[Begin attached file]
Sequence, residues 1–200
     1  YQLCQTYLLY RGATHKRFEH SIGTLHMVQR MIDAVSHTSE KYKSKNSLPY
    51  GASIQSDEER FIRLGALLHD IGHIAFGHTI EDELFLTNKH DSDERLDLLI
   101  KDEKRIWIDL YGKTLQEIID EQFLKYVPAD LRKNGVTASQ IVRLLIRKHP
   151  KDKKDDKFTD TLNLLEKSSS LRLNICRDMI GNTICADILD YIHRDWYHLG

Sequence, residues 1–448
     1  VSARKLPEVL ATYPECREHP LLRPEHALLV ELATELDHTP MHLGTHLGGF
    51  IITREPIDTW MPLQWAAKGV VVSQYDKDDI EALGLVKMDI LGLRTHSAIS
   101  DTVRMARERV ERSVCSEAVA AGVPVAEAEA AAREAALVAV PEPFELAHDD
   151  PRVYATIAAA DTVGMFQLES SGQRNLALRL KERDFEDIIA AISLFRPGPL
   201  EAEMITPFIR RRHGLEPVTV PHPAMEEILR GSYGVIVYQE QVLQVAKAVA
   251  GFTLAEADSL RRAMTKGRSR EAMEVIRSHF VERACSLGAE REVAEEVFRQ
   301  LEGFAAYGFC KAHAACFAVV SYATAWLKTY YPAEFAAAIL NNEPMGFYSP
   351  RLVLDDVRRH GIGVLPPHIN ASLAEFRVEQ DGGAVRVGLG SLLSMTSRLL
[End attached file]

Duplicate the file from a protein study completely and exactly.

Sequence, residues 1–200
     1  YQLCQTYLLY RGATHKRFEH SIGTLHMVQR MIDAVSHTSE KYKSKNSLPY
    51  GASIQSDEER FIRLGALLHD IGHIAFGHTI EDELFLTNKH DSDERLDLLI
   101  KDEKRIWIDL YGKTLQEIID EQFLKYVPAD LRKNGVTASQ IVRLLIRKHP
   151  KDKKDDKFTD TLNLLEKSSS LRLNICRDMI GNTICADILD YIHRDWYHLG

Sequence, residues 1–448
     1  VSARKLPEVL ATYPECREHP LLRPEHALLV ELATELDHTP MHLGTHLGGF
    51  IITREPIDTW MPLQWAAKGV VVSQYDKDDI EALGLVKMDI LGLRTHSAIS
   101  DTVRMARERV ERSVCSEAVA AGVPVAEAEA AAREAALVAV PEPFELAHDD
   151  PRVYATIAAA DTVGMFQLES SGQRNLALRL KERDFEDIIA AISLFRPGPL
   201  EAEMITPFIR RRHGLEPVTV PHPAMEEILR GSYGVIVYQE QVLQVAKAVA
   251  GFTLAEADSL RRAMTKGRSR EAMEVIRSHF VERACSLGAE REVAEEVFRQ
   301  LEGFAAYGFC KAHAACFAVV SYATAWLKTY YPAEFAAAIL NNEPMGFYSP
   351  RLVLDDVRRH GIGVLPPHIN ASLAEFRVEQ DGGAVRVGLG SLLSMTSRLL